aDepartment of Pediatrics, Institute of Human Nutrition, Columbia University Medical Center, New York, New York, USA bHuman Development and Health Academic Unit, Institute of Human Nutrition, Faculty of Medicine, University of Southampton, Southampton, UK.
Current opinion in clinical nutrition and metabolic care 12/2011; 15(2):97-8. DOI: 10.1097/MCO.0b013e32834ec9e5
[Show abstract][Hide abstract] ABSTRACT: Epidemiological studies on Greenland Inuits in the 1970s and subsequent human studies have established an inverse relationship between the ingestion of omega-3 fatty acids [C20-22 omega-3 polyunsaturated fatty acids (PUFA)], blood levels of C20-22 omega-3 PUFA and mortality associated with cardiovascular disease [CVD]. C20-22 omega-3 PUFA have pleiotropic effects on cell function and regulate multiple pathways controlling blood lipids, inflammatory factors and cellular events in cardiomyocytes and vascular endothelial cells. The hypolipemic, anti-inflammatory, anti-arrhythmic properties of these fatty acids confer cardioprotection. Accordingly, national heart associations and government agencies have recommended increased consumption of fatty fish or omega-3 PUFA supplements to prevent CVD. In addition to fatty fish, additional sources of omega-3 PUFA are available from plants, algae and yeast. A key question examined in this review is whether non-fish sources of omega-3 PUFA are as effective as fatty fish-derived C20-22 omega-3 PUFA at managing risk factors linked to CVD. We have focused on omega-3 PUFA metabolism and the capacity of omega-3 PUFA supplements to regulate key cellular events linked to CVD. The outcome of our analysis reveals that non-fish sources of omega-3 PUFA vary in their capacity to regulate blood levels of C20-22 omega-3 PUFA and CVD risk factors.
The Journal of Lipid Research 08/2012; 53(12). DOI:10.1194/jlr.R027904 · 4.42 Impact Factor
[Show abstract][Hide abstract] ABSTRACT: Purpose of review:
Several recent randomized trials and subsequent meta-analyses have questioned the value of n-3 fatty acid supplementation in cardiovascular disease risk reduction.
This report focuses on four clinical trials published between 2010 and 2012 that have failed to show benefits of n-3 fatty acids, and on one meta-analysis from 2012 that used a controversial statistical approach in reaching a conclusion of no effect.
The question of the extent to which n-3 fatty acid supplementation reduces risk for cardiovascular disease remains open. Future studies must be properly powered, use doses of n-3 fatty acids significantly higher than those provided in background diets, focus on patient populations with low n-3 fatty acid tissue levels, treat for longer periods of time, and consider the effects of these agents in the great majority of patients who are not on guideline-directed therapeutic regimens. The strong evidence-base from prospective cohort studies and the ever-deepening understanding of the cellular effects of long-chain n-3 fatty acids together support the need for these nutrients in reducing cardiovascular risk. Short-term findings from randomized controlled trials need to be interpreted in the light of all the evidence.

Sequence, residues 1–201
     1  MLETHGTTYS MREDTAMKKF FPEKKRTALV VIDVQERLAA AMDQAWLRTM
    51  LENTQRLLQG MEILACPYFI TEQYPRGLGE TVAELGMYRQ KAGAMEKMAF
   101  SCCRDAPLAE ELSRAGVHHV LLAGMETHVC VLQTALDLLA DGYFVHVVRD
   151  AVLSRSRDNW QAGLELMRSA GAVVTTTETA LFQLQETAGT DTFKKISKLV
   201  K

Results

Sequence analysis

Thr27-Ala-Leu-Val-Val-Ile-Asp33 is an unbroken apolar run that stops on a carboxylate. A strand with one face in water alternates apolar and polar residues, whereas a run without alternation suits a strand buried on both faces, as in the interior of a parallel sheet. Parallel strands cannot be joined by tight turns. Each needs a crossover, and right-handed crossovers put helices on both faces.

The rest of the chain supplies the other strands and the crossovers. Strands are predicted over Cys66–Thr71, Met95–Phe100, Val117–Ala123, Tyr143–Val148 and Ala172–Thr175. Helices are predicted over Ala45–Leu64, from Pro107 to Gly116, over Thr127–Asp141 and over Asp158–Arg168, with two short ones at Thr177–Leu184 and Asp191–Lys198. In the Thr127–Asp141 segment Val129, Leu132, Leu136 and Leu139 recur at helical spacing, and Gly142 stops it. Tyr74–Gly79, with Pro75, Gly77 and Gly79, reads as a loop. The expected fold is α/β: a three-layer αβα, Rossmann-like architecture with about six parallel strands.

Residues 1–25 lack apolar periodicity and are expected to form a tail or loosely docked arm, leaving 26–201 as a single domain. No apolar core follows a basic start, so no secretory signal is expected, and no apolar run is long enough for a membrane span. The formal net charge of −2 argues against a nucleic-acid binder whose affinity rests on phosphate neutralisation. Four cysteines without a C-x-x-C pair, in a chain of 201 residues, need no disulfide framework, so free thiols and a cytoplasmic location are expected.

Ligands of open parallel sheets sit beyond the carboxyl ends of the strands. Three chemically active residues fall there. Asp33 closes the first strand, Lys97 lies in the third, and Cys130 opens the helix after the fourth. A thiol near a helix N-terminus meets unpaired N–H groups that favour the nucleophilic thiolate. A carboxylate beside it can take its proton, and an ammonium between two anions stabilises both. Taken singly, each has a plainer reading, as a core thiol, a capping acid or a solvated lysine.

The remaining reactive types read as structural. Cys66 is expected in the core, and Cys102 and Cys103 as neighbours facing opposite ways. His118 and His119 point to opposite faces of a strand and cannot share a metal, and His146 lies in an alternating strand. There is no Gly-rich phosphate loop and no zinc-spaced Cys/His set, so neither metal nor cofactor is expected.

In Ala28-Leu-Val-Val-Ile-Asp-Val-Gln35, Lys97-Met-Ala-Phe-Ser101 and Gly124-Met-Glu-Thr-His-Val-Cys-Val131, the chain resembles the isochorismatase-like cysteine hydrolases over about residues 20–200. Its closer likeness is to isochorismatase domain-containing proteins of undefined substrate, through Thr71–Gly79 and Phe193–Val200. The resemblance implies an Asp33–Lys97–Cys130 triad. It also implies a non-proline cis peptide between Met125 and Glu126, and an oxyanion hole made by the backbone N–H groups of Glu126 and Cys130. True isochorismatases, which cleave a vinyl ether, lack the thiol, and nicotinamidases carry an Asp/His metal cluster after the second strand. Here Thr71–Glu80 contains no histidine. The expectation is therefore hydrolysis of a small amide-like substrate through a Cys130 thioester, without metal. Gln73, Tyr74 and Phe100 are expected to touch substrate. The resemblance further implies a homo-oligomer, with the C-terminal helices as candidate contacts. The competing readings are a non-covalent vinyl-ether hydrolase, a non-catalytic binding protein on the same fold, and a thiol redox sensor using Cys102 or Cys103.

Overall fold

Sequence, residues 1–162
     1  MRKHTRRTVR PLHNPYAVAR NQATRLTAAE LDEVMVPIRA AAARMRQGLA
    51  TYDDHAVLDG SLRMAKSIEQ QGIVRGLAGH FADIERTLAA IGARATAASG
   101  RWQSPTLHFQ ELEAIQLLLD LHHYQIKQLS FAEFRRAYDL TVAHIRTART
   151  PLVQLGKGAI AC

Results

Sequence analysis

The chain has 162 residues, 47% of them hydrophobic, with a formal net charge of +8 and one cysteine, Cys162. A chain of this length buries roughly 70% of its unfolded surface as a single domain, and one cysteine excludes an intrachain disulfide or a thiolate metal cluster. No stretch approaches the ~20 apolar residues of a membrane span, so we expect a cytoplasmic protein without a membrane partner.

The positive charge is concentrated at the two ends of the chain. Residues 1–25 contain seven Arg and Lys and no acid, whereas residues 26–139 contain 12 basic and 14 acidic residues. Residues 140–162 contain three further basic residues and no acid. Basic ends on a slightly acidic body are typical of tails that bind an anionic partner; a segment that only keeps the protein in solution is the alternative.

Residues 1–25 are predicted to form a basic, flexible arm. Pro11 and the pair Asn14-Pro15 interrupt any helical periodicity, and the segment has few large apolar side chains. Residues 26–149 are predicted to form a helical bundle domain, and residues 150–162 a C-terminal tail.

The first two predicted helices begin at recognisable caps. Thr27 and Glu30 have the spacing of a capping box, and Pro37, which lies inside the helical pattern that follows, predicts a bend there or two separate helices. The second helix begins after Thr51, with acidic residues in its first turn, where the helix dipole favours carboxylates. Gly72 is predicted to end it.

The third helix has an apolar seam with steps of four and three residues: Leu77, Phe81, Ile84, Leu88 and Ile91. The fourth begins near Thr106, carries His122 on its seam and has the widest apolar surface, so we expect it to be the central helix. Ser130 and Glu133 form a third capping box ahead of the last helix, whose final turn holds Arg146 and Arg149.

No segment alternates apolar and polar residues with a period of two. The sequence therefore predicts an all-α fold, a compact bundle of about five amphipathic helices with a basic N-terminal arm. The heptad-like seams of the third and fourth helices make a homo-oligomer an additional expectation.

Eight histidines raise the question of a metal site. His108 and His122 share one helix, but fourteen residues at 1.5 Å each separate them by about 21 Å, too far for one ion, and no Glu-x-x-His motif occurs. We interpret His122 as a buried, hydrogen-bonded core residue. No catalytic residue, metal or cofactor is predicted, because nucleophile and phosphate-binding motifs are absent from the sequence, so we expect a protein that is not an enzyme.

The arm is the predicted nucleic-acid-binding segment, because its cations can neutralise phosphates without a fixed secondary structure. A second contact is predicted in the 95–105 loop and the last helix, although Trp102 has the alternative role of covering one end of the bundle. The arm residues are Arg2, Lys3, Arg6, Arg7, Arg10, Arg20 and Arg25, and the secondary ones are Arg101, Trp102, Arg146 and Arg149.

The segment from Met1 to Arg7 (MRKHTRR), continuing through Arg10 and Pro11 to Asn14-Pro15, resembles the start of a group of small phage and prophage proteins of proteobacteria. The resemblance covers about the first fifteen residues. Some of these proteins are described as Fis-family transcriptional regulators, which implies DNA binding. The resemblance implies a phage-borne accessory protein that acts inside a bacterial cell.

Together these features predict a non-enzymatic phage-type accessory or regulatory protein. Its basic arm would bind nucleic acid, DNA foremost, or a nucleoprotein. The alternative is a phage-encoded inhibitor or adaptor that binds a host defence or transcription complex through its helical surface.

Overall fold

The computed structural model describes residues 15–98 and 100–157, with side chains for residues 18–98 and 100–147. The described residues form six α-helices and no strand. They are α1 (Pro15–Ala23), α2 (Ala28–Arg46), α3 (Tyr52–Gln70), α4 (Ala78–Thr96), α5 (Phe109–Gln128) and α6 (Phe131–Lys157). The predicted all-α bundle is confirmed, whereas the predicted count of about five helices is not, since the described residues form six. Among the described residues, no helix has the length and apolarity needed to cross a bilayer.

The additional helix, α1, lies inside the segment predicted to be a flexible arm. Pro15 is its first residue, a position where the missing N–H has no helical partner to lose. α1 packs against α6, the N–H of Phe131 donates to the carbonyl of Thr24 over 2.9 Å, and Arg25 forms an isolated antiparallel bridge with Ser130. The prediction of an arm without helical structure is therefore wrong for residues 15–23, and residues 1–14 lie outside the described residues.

[Show abstract][Hide abstract] ABSTRACT: Fatty acid research began about 90 years ago but intensified in recent years. Essential fatty acids (linoleic and α-linolenic) must come from diet. Other fatty acids may come from diet or may be synthesized. Fatty acids are major components of cell membrane structure, modulate gene transcription, function as cytokine precursors, and serve as energy sources in complex, interconnected systems. It is increasingly apparent that dietary fatty acids influence these vital functions and affect human health. While the strongest evidence for influence is found in cardiovascular disease and mental health, many additional conditions are affected. Problematic changes in the fatty acid composition of human diet have also taken place over the last century. This review summarizes current understanding of the pervasive roles of essential fatty acids and their metabolites in human health.
Journal of Evidence-Based Complementary and Alternative Medicine 10/2013; 18(4):268-289. DOI:10.1177/2156587213488788
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